As we all know, video games have traditionally been for confusing news organizations, committing virtual war-crimes, and turning the otherwise sweet, virtuous children of the western world into gun-toting real-life Duke Nukems with no regard for human life or decency. Also, turn that damn techno music down. Anyway, much to my surprise, it turns out the past time my parents were constantly telling me would rot away my brain may actually help the brains of those suffering from ADHD.
A group of doctors in Finland are experimenting with electronic games to help those suffering from attention deficit hyperactivity disorder address and manage its symptoms.
The idea isn’t totally out of the blue. The University of Helsinki is well known for its neuroscience, with researchers already investigating how brain activity changes when people do different things. Scientists there have already tinkered around with game play, checking out local Helsinki production Angry Birds to test why the game was so addictive, and it's all part of a push by Finnish developers to build games that do good.
But using games to change people’s brains for health reasons is an ambitious and relatively new concept. Still, Helsinki has the scientists and the gaming companies—Angry Birds developer Rovio is just one—to give the idea a proper look. Now, researchers also have cash: Tapio's company Mental Capital Care received 790,000 euro in funding from Finnish investment board Tekes last year to test out a game designed to cure the symptoms of ADHD.
Using some fairly simple games, such as what appears to be an Asteroids
clone called AstroComet
, along with some head wear technology designed to study neuroplasticity, a regimen of these games is being used to alter brain function in a way that alleviates the symptoms of ADHD. It's a tantalizing thought, given the now common perception of too many children being on too many drugs these days. If doctors could replace a regimen of mind-altering drugs, which children often hate taking, with a regimen of mind-training targeted video games that are fun enough that kids want to play them, it might end up being as or more effective with a higher adoption rate by the patient.
And, lest you think this is some kind of attempt to cram cookie-cutter games into the treatment plans for everyone, the games are highly tuned for each individual. They have their brainwaves studied over the course of their natural routine via a headset called the Emotiv, an EEG cap that functions like a mobile MRI, and then the researchers study the EEG output to tailor the game to each patient.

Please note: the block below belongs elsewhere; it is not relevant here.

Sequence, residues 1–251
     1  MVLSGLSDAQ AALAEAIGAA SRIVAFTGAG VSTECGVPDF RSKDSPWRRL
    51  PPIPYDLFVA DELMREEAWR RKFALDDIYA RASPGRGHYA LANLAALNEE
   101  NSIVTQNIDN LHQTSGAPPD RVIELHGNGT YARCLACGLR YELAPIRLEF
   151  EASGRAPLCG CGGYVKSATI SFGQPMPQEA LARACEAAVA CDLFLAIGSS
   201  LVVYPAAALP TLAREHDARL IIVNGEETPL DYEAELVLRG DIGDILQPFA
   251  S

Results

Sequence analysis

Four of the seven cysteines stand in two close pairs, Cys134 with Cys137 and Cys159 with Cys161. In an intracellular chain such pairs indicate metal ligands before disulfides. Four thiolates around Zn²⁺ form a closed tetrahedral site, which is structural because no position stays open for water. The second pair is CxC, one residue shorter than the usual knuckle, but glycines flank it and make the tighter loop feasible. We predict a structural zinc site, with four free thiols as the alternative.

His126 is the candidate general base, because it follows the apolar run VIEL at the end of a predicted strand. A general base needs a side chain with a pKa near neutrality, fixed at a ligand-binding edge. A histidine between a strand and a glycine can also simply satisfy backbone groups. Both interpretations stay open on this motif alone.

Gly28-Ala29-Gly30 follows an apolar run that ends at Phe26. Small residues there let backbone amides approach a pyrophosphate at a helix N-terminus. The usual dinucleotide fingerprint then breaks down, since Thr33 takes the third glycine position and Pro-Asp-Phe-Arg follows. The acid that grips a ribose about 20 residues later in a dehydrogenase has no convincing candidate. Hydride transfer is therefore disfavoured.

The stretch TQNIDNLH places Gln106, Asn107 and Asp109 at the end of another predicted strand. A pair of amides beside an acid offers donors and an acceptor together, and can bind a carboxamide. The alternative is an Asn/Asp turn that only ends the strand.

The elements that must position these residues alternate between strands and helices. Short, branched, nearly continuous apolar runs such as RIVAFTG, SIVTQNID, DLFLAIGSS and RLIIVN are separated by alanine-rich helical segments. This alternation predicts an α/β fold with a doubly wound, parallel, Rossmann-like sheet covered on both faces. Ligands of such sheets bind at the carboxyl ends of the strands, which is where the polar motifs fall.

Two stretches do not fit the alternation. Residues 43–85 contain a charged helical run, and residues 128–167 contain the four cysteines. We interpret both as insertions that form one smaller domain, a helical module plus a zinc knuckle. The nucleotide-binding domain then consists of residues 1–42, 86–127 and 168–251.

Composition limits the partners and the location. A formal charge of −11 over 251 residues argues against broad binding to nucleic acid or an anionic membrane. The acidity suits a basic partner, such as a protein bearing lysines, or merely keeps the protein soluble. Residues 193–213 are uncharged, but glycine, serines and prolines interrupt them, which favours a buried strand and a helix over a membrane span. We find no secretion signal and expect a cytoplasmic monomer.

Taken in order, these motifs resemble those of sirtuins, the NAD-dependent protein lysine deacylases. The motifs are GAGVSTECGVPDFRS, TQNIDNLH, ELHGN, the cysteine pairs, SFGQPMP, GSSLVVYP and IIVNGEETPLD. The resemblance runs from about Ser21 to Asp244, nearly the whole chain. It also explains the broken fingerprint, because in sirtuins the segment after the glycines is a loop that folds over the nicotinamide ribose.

“We start the gaming treatment by analyzing the person’s brains, and defining the areas of the brain which are too active or not active enough,” said Tapio. “And then we create a gaming plan that will stimulate those areas of the brain.” The game is tuned to make the tasks accomplishable by thinking in a certain way—a desirable way, from the doctor's point of view. But it’s more than just concentrating.
“It’s not only the activity in brain areas we are trying to affect but also the kind of activity: the different wavelengths, the different types of electromagnetic action—it can’t be too high or too low. We set a goal which will be optimal for the patient,” [research director Ville] Tapio said. “And after we have created an optimal profile for the patient, he will start the gaming and get his brain active to the optimal levels.”
So sorry, kids, but we're still a ways away from being able to tell parents, girlfriends, or boyfriends that Grand Theft Auto
is actually helping our brains to function better, but it's important to remember that for all the evils some claim digital games are responsible for, they aren't the evil panacea older generations occasionally claim. They can do good as well.